June 11, 2022 - In the US state of Illinois, five coal plants that are currently closed or in the process of ending their coal operations are expected to begin operating energy storage facilities in 2025.
To boost this effort, the state’s Department of Commerce and Economic Opportunity (DCEO) announced $280.5 million in funding over ten years for the five plant sites. The finance comes from Illinois’ Coal-to-Solar Energy Storage Grant Programme, which in part incentivises companies to install energy storage at the sites of former coal plants.
NRG Energy will receive a combined $158.4 million to build energy storage projects, each 72MW in size, at the Waukegan and Will County coal-fired plant sites.
Joppa Coal-Fired Power Plant
NRG is expected to retire both Waukegan Units 7 and 8, totaling more than 600MW, and the 599MW Will County Unit 4 in 2022. The units are the last of the coal-fired capacity at those respective plants, as other units were retired years ago.
The other three coal plants are owned by Vistra subsidiaries. They’ll receive a combined $122.1 million to build energy storage projects, each 37MW in size, at the Joppa, Havana and Edwards coal plant sites.
Vistra decided to retire Joppa coal-fired plant in the latter part of 2022, as part of a revised agreement to settle a complaint brought by the Sierra Club in 2018. The complaint to the Illinois Pollution Control Board alleged environmental violations prior to Vistra’s ownership. Joppa’s first unit entered into operation in 1953 and a second unit two years later, according to reports. It is a 1,000MW subcritical coal-fired facility.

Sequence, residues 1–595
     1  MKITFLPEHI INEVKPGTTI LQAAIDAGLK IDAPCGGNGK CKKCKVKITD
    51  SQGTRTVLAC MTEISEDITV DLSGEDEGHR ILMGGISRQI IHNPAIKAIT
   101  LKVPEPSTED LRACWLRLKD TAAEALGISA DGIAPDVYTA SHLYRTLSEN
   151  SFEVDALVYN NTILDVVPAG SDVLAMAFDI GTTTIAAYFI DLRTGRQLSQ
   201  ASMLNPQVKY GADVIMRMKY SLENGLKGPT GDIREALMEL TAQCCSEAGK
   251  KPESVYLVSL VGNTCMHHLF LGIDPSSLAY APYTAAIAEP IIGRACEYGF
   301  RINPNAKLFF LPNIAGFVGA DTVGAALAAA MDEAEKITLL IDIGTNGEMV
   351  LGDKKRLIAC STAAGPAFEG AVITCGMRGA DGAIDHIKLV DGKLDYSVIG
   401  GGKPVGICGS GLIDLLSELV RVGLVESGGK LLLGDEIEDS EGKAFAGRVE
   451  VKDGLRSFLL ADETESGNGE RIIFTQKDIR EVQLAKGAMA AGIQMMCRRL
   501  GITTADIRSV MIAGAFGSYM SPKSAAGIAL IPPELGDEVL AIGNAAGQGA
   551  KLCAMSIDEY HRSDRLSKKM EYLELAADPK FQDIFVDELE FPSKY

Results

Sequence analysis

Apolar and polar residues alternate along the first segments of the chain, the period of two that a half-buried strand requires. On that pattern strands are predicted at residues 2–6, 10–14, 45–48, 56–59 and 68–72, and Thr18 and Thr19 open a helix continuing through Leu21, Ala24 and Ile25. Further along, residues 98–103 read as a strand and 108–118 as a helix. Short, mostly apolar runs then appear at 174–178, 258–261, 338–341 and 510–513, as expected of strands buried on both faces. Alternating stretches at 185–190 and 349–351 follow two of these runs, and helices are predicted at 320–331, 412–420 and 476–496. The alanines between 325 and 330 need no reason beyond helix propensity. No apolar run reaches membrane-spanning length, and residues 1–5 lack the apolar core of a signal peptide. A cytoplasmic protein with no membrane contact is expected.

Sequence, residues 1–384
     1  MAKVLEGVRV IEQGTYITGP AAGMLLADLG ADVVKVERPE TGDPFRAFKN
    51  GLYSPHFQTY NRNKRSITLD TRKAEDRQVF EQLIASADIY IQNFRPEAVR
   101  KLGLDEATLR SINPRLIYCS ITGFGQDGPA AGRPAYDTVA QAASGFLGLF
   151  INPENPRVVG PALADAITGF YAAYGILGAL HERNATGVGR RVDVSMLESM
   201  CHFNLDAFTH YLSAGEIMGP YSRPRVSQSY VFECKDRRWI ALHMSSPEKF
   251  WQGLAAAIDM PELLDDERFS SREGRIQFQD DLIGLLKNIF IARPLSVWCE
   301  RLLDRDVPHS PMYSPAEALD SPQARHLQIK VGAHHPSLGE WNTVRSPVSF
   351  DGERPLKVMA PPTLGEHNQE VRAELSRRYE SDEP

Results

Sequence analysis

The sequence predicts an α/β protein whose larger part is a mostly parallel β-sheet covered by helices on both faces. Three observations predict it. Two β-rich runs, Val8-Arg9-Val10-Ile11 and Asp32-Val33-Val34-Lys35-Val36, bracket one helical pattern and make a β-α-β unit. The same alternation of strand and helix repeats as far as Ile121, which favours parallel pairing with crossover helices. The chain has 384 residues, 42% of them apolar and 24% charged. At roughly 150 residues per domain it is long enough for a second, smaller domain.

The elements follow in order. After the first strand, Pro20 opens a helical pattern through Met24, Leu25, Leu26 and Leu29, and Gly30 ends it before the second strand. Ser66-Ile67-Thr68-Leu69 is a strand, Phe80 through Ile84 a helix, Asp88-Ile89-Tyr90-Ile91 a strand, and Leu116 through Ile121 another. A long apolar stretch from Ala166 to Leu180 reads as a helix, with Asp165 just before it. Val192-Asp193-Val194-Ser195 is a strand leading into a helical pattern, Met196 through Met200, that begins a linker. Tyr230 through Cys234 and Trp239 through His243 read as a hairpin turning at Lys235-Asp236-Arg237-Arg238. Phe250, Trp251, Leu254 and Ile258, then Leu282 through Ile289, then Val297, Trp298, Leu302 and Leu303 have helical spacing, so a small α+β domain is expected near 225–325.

The nearly 650MW E.D. Edwards plant is also expected to be retired by the end of the year. Edwards has been in operation since 1960, according to reports. Unit 1 was retired in December 2015. Unit 2 and 3 were brought online in 1968 and 1972, respectively.
The 434MW Havana plant was retired in late 2019.
“When it comes to Illinois’ clean energy future, this initiative will help deliver on the progress our residents deserve,” said Illinois governor JB Pritzker.
The grant programme is part of Illinois’ Climate & Equitable Jobs Act (CEJA) passed in 2021 and aimed at moving the state toward 100% clean energy by 2050. The first payments would be issued in 2025 when the energy storage sites are expected to be commercially operational.
In order to qualify for grant money, the plants must have burned coal, have a generating capacity of at least 150MW and commit to hiring a diverse workforce.
DCEO is overseeing the energy storage component of the grant programme, while the Illinois Power Agency (IPA) will oversee a programme to incentivise the production of solar energy and co-located energy storage.
DCEO is also in the process of implementing several workforce training programmes, grants for communities impacted by the energy transition and programmes to support historically underrepresented contractors in the green energy space.